‘$RECYCLE.BIN’ ‘bat’ ‘Ocautoupds.exe’
‘MSOCache’ ‘lnk’ ‘Encsvc.exe’
‘Documents and Settings’ ‘com’ ‘Firefox.exe’
‘Recovery’ ‘ani’ ‘Tbirdconfig.exe’
‘System Volume Information’ ‘adv’ ‘Mydesktopqos.exe’
‘SYSTEM.SAV’ ‘cpl’ ‘Ocomm.exe’
‘$Windows.~WS’ ‘cur’ ‘Dbeng50.exe’
‘$WINDOWS.~WS’ ‘rom’ ‘Sqbcoreservice.exe’
‘Thumbs’ ‘deskthemepack’ ‘Excel.exe’
‘Pagefile’ ‘diagcab’ ‘Infopath.exe’
‘Hyberfil’ ‘diagcfg’ ‘Msaccess.exe’
‘$WinREAgent’ ‘diagpkg’ ‘Mspub.exe’
‘Program Files’ ‘drv’ ‘Onenote.exe’
‘Program Files (x86)’ ‘log’ ‘Outlook.exe’
‘$WINDOWS.~BT’ ‘hlp’ ‘Powerpnt.exe’
‘Thumbs.db’ ‘icl’ ‘Steam.exe’
‘Windows.old’ ‘icns’ ‘Thebat.exe’
‘windows.old’ ‘ics’ ‘Thunderbird.exe’
‘Windows.old.000’ ‘idx’ ‘Visio.exe’
‘windows.old.000’ ‘ldf’ ‘Winword.exe’
‘AppData’ ‘mod’ ‘Wordpad.exe’
‘dev’ ‘mpa’ ‘Notepad.exe’
‘msc’ ‘Utweb.exe’
‘msp’ ‘Ut.exe’
‘theme’ ‘Sql.exe’

After generating the encryption key but before attempting to encrypt files, the malware:

  • Tries to kill all process from its hardcoded list.
  • Tries to delete the recycler bin by using ‘cmd /Crd /s /q %systemdrive%\$Recycle.bin
  • Look for network drives.

Then it begins the file encryption process. The 32-character password entered when the malware is launched is used as the AES key for all files encrypted on the targeted system. Most ransomware code generates new session keys for each file, in order to make file recovery more difficult.

The encryption subroutine of the malware.
The encryption subroutine of the malware.

The encryption method varies depending on the size of the file being encrypted. For files smaller than 6.4 megabytes, the malware creates a new file, writes the SHA256 value of the key at the beginning of the file, and then reads the file to encrypt in chunks of 0x100000 bytes. It encrypts each chunk using AES-256 in CBC mode, appending the result to the newly created file. When complete, it deletes the original file.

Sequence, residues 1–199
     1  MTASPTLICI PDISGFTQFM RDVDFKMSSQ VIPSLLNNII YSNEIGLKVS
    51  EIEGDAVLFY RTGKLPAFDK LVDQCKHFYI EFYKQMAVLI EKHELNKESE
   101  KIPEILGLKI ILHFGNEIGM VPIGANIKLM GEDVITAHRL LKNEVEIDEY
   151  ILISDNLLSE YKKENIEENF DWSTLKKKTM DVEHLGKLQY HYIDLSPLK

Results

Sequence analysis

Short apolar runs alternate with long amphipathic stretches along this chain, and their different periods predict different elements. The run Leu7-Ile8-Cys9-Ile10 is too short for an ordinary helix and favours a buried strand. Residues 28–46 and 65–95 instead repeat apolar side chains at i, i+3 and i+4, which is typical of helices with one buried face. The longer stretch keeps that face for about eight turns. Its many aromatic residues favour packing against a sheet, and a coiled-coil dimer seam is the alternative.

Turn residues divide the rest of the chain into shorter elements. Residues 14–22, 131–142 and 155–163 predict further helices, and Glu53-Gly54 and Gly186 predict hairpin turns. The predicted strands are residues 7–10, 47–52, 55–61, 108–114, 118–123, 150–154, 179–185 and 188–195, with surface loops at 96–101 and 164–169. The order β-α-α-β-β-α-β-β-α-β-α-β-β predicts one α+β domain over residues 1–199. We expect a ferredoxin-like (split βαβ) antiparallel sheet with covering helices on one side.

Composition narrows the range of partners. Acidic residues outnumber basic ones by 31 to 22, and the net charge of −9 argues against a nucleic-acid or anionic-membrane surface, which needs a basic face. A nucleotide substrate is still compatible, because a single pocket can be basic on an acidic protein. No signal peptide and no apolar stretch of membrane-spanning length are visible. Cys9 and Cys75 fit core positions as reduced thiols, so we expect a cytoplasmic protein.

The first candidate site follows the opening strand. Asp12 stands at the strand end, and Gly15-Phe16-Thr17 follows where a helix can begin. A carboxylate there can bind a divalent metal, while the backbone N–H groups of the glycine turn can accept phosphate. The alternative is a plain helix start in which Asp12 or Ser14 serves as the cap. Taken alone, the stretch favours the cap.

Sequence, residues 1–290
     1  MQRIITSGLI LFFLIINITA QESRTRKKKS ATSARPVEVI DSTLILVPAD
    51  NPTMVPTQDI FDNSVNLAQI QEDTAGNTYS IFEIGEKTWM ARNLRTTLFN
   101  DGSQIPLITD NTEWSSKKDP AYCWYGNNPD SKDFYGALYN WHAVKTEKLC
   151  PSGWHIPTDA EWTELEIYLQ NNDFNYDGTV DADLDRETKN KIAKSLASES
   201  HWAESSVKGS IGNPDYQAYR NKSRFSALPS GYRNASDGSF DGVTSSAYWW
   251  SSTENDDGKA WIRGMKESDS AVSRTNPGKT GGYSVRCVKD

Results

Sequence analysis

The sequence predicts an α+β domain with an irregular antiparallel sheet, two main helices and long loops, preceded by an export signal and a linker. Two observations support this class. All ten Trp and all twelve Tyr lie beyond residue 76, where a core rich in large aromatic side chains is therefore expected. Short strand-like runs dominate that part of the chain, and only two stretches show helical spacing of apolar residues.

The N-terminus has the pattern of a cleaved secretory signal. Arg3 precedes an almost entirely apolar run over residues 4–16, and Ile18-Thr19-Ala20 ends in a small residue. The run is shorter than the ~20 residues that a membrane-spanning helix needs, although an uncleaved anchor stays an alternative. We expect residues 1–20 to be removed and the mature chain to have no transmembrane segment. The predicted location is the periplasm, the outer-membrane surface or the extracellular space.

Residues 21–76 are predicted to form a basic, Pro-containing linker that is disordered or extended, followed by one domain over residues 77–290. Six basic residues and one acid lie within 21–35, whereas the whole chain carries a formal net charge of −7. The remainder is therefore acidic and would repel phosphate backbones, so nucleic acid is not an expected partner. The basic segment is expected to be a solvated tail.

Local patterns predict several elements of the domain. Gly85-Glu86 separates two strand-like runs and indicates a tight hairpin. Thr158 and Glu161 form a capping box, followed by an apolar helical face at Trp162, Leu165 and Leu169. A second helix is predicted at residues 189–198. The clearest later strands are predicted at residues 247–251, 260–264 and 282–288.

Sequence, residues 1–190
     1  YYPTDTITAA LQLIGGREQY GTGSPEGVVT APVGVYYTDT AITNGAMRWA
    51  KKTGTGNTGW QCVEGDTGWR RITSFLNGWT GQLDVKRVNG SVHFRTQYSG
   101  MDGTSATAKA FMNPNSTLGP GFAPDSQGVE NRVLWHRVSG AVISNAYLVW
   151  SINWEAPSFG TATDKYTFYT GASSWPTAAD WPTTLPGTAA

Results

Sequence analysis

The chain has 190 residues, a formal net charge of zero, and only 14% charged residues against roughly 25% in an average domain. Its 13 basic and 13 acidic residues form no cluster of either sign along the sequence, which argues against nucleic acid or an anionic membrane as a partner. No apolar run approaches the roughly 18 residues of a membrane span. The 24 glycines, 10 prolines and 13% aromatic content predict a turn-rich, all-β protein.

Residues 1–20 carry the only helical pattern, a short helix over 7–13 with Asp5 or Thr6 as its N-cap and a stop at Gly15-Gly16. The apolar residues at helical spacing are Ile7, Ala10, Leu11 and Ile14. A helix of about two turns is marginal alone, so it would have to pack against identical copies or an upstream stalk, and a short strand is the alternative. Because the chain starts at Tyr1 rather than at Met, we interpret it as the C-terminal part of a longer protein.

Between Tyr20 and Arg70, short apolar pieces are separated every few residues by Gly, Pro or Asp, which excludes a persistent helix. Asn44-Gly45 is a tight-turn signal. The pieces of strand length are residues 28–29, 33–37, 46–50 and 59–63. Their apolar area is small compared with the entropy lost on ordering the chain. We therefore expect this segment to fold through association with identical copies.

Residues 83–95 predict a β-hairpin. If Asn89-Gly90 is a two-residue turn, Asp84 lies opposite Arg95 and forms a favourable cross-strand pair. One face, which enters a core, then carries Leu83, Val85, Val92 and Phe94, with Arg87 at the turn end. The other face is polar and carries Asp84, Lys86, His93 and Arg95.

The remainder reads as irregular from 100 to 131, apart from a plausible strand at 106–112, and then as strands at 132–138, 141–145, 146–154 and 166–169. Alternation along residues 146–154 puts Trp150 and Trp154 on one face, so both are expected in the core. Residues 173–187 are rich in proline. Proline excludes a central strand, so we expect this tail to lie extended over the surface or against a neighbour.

For bigger files, instead of creating a new file, the malware modifies the original file. It reads the file in chunks of 0x320000 bytes for encryption, replacing the original content, and then appends the SHA256 of the key at the end of the file.

A prototype of the decryption process

Because the encryption process uses a single key (which is the provided password), decrypting files is straightforward—if you know what the password is. Below is Python code for a simple script to decrypt a file when the password is known.

from malduck import aes
import sys
from hashlib import sha256

# arg 1 is password
# arg 2 is filename to decrypt
# arg 3 is outputfile

data = open(sys.argv[2],"rb").read()

key = bytes(sys.argv[1],"utf-8")
IV = b"wA3XnNVGS1NJ72eI"

if len(data) < 6400000:
    print("Small file")
    sig = data[:32]
    data = data[32:]
    print("Big File")
    sig = data[-32:]
    data = data[:-32]

m = sha256()
if m.digest() == sig:
    print("good key")

out =aes.cbc.decrypt(key,IV,data)


For example, the file was encrypted using the malware with the password “22222222222222222222222222222222”.  To decrypt using the Python script above (saved as, the following command line is used:

python 22222222222222222222222222222222 "[[CLAcwPCc]].[[]].sophos"
An encrypted file; the highlighted text is the SHA256 hash of the password.
An encrypted file; the highlighted text is the SHA256 hash of the password.
The decrypted file.
A timeline of protection, discovery and detection for the ransomware.


Sophos Intercept X products will block the execution and malicious behaviors of this ransomware using the following signatures:

  • CryptoGuardProactively blocks ransomware encryption attempts at runtime based on engine released May, 2017.
  • Impact_6a – Runtime behavioral detection blocking the malicious activity at the Impact stage published October, 2020.
  • Troj/Ransom-GXS –  Pre-execution anti-malware detection of the malicious file published July 18, 2023
  • Mal/Generic-R  – reputation detection preventing the execution of the malware, published July 17, 2023
  • Reputation-based detection for C2 IP – Blocks access to, the C2 associated with the malware, published July 18, 2023

These samples have only been observed in a public malware repository but have not been seen in use by an attacker. Sophos will continue to monitor for the use of this ransomware in the wild.

Sophos has published a Knowledge Base article addressing this ransomware. X-Ops has published IOCs relating to this malware on the SophosLabs Github.


Sophos X-Ops would like to acknowledge the assistance of Yusuf Arsan Polat, Anand Ajjan, Steeve Gaudreault, and Ronny Tijink for their assistance identifying and analyzing the samples. SophosLabs also thanks @malwrhunterteam for alerting us about this.